So we enter into this mad dash toward another box-ticking exercise of an election that ‘implied inevitability’ and historic fact tells us will end red or blue. We have this awful First Past the Post (FPtP) voting system that pretty much ensures a 2-horse race every time and although I find the leader of the red team better this time round – neither of the two major parties want to change the voting system so that it more accurately reflects the broader colours of a diverse country. I’d like Jeremy a whole lot more if he addressed this – because otherwise it just looks like the ability to be one of the horses in the 2-horse race, matters more than getting true representation and fairness into our system of government.

 Here on the ground though there is a sweet aroma of co-operation and hope… agreement that the one thing we need is for the country not to go blue this time, is permeating amongst the many...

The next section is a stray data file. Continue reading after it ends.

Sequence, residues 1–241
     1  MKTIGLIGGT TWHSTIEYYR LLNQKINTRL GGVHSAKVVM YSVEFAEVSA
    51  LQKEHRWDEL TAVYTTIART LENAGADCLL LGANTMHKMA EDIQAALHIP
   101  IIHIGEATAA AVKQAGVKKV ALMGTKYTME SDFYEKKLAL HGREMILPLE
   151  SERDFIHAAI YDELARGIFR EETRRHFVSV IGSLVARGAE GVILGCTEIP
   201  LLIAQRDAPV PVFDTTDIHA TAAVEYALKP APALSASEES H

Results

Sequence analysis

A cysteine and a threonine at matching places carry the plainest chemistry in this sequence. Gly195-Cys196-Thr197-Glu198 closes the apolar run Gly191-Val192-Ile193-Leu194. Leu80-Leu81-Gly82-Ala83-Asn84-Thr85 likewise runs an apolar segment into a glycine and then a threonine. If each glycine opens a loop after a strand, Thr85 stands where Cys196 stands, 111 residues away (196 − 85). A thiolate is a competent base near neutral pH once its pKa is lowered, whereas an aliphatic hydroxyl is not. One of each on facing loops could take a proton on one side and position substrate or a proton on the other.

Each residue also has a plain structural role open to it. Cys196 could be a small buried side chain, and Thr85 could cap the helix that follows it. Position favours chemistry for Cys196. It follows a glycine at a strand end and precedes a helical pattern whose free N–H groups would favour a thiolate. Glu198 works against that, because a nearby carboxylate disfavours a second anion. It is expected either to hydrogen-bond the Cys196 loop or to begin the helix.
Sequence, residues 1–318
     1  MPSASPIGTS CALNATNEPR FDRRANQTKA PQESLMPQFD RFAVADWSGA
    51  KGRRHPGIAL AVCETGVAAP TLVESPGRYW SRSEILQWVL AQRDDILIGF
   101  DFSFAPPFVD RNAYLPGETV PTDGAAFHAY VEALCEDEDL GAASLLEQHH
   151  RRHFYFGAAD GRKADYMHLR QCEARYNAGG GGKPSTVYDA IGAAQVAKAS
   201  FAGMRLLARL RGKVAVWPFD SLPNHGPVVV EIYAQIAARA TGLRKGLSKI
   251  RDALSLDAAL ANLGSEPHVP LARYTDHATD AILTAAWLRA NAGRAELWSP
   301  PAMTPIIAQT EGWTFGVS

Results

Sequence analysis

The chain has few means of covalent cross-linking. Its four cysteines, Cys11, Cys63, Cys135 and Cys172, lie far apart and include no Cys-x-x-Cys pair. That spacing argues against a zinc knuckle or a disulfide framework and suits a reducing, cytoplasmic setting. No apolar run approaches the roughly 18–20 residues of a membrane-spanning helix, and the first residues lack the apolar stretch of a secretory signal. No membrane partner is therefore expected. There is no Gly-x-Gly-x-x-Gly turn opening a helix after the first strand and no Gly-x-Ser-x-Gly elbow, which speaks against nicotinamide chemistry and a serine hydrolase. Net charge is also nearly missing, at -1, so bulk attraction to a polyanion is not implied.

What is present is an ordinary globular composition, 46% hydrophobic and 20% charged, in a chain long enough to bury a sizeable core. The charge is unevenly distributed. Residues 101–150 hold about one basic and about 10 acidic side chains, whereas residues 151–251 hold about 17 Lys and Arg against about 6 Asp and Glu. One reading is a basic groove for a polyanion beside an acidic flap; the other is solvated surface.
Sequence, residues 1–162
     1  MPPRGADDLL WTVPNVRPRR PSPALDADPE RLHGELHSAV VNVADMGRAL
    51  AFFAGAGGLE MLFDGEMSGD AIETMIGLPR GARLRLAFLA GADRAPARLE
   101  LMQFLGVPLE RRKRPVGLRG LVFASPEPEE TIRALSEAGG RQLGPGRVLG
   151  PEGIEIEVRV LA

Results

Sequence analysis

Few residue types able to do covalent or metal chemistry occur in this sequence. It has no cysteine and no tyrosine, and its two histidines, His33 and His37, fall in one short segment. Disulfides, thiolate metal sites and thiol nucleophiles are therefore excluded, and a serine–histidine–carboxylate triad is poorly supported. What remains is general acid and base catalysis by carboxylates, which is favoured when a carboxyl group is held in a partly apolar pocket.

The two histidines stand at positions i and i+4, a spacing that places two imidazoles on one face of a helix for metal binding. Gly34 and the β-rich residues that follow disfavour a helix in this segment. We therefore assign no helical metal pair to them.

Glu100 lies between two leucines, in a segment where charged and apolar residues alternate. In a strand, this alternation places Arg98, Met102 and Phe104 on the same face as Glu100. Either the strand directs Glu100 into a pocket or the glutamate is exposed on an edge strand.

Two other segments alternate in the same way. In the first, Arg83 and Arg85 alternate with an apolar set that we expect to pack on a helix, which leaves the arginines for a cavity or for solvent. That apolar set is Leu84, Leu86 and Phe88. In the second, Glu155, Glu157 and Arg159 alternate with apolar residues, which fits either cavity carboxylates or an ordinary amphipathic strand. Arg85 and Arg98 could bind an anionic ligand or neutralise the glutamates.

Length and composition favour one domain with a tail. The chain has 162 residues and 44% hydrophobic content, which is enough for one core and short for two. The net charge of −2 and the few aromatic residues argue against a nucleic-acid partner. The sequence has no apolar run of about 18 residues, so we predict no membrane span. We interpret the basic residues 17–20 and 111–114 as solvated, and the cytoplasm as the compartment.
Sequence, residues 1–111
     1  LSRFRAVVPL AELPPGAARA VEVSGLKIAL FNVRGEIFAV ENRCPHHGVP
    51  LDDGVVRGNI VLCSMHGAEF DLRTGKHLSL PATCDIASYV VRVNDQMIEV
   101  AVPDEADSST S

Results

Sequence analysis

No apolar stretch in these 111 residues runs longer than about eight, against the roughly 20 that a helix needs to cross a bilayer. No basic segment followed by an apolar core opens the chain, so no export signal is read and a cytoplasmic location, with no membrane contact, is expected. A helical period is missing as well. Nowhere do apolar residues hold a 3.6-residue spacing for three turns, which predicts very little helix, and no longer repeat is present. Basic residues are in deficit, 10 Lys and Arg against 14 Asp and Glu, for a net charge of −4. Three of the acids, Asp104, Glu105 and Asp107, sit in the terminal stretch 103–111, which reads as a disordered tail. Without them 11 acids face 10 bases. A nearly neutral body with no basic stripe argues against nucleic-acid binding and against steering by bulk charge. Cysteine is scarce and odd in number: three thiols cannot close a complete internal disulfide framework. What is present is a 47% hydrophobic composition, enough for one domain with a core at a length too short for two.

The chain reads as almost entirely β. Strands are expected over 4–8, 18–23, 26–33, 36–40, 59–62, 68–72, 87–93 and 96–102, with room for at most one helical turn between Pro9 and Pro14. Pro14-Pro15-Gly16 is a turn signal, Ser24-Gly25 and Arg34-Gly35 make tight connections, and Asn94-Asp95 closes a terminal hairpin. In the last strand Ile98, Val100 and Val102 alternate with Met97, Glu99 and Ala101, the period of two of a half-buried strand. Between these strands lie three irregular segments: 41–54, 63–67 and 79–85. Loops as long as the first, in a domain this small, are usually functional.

only 24% of voting-age citizens actually chose blue last time – that’s how warped this system is… 76% said NO to Conservative government but there they are, milling about and inflicting their harms on us anyway

In 27 seats, the Green Party has stood aside to achieve the unseating of Conservative MPs, Liberal Democrats and Independents too have done the same. In many places where the red team historically has no hope of winning… then other shades can challenge and use the platform to bring different views and ways. There are ‘issue candidates’ like the doctor standing against Conservative Jeremy Hunt (health secretary who made lots of people sick) and I am standing against a weak MP who claims to care about the risks of fracking but helps bring it to our doorstep anyway. For us it isn’t just one issue though – it’s the system and party that makes the issues reality.  A vote for a doctor or an anti-fracking campaigner is a clear signal of what a vote means.